|Advertising|Jobs 転職|Shukan ST|JT Weekly|Book Club|JT Women|Study in Japan|Times Coupon|Subscribe 新聞購読申込|
|Home > Entertainment > Art|
Thursday, Nov. 17, 2011
"Irving Penn and Issey Miyake: Visual Dialogue"
By MIO YAMADA
21_21 Design Sight
In 1953, when Irving Penn opened his studio in New York, he famously announced that "photographing cake can be art." Then already a renowned fashion photographer, Penn went on to prove that photographing almost anything can be art.
His shoots for American Vogue are instantly recognizable. Stark, static and bold, they deliberately lack the fluidity of much of today's fashion photography, and this pioneering crossover of commercial photography and art led him to the longest tenure ever with Vogue's publisher, Condé Nast.
It also impressed fashion icon Issey Miyake, who was so surprised by Penn's interpretation of his designs for a 1983 Vogue spread that he asked the photographer to shoot every one of his biennial collections. This became an unusual 13-year "non-collaborative" collaboration, based on mutual trust and respect. To avoid influencing Penn's work, Miyake never went to a photo sitting and likewise Penn never saw a runway show. Instead, Midori Kitamura, Miyake's trusted assistant and this exhibition's director, delivered Miyake's collections to Penn in New York and then returned to Tokyo with Penn's photographs.
The results were exactly what Miyake had hoped for — startling interpretations of more than 250 of his designs from 1987 until 1999. Sharing similar aesthetics, with both artists admiring geometric forms and minimalism, Miyake couldn't have found a better match.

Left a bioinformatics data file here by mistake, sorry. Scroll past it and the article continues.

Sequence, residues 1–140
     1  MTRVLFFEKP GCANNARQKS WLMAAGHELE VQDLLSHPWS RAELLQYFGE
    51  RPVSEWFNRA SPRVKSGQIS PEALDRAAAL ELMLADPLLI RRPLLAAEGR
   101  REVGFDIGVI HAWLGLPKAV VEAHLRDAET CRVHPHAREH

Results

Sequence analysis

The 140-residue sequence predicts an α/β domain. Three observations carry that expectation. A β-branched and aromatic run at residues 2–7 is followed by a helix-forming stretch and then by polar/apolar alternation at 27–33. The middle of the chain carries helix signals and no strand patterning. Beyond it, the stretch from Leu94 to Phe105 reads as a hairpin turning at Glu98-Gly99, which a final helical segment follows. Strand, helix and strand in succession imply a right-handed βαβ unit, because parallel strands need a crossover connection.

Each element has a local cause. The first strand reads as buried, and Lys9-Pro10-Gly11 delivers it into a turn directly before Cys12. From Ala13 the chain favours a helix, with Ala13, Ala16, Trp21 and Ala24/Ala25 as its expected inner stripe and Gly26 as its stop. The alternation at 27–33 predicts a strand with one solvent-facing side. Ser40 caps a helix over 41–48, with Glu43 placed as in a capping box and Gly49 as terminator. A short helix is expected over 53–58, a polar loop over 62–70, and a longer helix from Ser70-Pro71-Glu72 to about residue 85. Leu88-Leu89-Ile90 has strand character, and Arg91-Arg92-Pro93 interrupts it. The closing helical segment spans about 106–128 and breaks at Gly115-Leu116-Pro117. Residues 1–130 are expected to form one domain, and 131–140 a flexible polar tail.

Many of Penn's images were used for posters, 67 of which are on display, along with 57 prints of sketches that Penn made during sittings. There is also an animation by Pascal Roulin based on drawings by cartoonist Michael Crawford, which documents the artists' relationship. But most impressive is the 31-meter-long photo-projection show of 148 of Penn's images that detail Miyake's designs in gigantic proportions.
Penn allowed the garments to inspire him. He had models strike odd, unnatural poses; he positioned the clothing to exaggerate its points, angles and curves. Often, he flattened-out the original shape of the garment and either hid the models' limbs and faces within the clothing or disguised them with unusual makeup.
His images are almost abstract, creating narratives out of weird and wonderful shapes, but they also reveal the ingenuity and complexity of Miyake's designs that would have remained hidden in garments worn on a runway. More than turning fashion into art, Penn captured the art already in fashion.
Completing this exhibition is a collection of unrelated original prints that reveal Penn's talent for creating beauty from the oddest subjects. A cigarette butt has the air of an archeological find and a delicate tulip is actually withering, its petals drooping. When we see his 1968 "Poppy: Glowing Embers" alongside Miyake's dress for the image "Flower Pleats," it becomes clear that for the photographer and the designer, inspiration must have worked both ways. (Mio Yamada)
21_21 Design Sight is a 5-min. walk from the Tokyo Midtown exit of Roppongi Station; admission ¥1,000; open 11 a.m.-8 p.m, closed Tue. For more information, visit www.2121designsight.jp.